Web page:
The joke between Fraser and I before we left was that following the recent drought, the first three

rainbow

weeks of August were bound to set a record for rain and guess what… the two days before we called it quits saw more rain than the entire month of August usually does.  This was great for the park, but a soggy mess for us.  The rain began on our first day and only a couple of our days were dry.  The problem was that with a fire ban still in place it was tricky to dry ourselves out.  Mostly we just stayed damp.  With days starting early and ending late, there was very little time to hang out our clothes and gear and we often found ourselves setting up our tent under the tarp because it was still raining when we hit our site for the night.  Wrinkly toes were the norm.  When we heard that the fire ban had been lifted on day 11, we were thrilled!  I then proceeded to burn two holes in my pants and melt Fraser’s socks in an attempt to dry out.  Oops.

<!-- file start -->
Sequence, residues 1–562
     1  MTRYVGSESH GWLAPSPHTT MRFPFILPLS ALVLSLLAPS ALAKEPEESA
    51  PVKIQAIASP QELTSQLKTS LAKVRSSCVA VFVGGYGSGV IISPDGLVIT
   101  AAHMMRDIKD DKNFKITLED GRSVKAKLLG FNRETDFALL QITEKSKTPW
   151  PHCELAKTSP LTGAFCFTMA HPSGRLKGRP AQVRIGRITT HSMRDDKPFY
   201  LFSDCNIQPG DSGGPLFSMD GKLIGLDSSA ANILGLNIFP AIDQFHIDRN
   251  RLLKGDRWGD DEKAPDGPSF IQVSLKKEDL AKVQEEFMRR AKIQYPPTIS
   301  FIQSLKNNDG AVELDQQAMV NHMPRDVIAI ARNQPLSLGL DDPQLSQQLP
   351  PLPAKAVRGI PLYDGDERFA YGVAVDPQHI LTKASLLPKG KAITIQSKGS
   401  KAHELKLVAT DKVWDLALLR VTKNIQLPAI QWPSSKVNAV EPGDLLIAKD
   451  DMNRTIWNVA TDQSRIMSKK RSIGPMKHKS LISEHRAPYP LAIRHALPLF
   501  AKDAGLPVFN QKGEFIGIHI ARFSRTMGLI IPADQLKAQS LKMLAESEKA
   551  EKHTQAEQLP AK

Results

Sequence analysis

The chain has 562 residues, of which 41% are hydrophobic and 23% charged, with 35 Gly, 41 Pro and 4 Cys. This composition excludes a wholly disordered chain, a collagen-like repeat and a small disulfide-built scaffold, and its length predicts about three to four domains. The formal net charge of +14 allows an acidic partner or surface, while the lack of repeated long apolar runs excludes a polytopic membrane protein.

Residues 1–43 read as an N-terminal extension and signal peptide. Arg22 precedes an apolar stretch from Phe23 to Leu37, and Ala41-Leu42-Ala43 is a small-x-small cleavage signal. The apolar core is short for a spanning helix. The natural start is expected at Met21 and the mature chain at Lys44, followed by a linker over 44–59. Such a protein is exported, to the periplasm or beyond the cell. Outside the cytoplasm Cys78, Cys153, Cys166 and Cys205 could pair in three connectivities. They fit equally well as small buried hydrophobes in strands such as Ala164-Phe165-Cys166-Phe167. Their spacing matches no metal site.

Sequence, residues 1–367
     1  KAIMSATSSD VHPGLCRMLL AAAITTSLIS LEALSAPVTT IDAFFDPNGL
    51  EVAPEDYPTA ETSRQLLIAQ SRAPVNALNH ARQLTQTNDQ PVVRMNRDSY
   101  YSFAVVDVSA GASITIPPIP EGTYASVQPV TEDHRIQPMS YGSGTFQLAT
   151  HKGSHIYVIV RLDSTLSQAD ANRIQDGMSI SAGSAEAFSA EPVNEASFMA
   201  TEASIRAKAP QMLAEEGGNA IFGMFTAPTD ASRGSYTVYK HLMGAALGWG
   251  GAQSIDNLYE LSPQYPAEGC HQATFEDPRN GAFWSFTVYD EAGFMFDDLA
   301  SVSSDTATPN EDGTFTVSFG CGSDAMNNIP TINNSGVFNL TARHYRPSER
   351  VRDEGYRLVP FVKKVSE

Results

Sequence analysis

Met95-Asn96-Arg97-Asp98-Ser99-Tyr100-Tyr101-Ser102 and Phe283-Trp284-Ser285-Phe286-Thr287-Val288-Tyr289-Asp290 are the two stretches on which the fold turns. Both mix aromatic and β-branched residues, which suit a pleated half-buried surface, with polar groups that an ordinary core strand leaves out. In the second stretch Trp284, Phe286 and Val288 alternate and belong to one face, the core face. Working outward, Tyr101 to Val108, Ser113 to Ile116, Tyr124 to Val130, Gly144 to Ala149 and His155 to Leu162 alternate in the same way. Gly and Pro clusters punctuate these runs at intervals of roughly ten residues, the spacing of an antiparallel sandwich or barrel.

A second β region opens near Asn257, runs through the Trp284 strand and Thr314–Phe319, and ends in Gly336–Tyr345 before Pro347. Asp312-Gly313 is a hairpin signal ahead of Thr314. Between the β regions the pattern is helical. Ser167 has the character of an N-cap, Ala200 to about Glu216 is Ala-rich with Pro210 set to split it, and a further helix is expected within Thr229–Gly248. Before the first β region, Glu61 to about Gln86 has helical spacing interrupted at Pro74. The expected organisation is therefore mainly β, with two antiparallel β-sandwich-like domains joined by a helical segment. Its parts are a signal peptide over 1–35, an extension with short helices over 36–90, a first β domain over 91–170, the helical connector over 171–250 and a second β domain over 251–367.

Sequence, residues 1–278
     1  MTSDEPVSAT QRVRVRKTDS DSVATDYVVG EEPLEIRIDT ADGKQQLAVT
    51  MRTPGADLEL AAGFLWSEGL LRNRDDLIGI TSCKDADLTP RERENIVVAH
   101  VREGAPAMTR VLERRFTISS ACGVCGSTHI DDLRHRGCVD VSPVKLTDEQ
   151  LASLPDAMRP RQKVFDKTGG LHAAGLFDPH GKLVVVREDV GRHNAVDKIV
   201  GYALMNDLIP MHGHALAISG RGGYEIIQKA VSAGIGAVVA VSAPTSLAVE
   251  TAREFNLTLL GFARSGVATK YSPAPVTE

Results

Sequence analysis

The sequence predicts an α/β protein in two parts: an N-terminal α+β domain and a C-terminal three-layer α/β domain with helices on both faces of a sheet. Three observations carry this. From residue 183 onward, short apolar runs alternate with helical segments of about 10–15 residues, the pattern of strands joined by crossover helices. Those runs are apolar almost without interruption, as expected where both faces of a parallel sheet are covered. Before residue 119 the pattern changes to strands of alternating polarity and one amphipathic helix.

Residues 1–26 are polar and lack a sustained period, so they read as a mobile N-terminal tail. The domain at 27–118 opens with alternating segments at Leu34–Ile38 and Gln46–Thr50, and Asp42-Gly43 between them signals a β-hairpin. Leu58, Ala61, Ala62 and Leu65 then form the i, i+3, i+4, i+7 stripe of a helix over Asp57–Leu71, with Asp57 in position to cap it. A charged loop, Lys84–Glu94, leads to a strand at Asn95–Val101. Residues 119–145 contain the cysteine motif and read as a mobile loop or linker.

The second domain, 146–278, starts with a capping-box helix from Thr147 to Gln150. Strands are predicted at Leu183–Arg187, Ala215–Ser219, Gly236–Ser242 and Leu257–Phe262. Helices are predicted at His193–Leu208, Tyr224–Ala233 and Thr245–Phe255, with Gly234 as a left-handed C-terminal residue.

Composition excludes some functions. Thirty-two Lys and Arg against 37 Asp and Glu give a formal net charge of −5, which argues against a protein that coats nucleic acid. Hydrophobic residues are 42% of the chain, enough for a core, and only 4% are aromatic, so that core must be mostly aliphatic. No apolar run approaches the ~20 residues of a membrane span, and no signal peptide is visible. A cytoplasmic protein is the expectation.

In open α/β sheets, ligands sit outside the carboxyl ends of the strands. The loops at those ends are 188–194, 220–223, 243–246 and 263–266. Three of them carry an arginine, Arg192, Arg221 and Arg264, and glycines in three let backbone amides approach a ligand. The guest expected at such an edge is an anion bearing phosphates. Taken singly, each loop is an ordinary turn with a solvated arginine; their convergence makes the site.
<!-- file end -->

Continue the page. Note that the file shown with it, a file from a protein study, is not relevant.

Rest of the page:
big water on Burntroot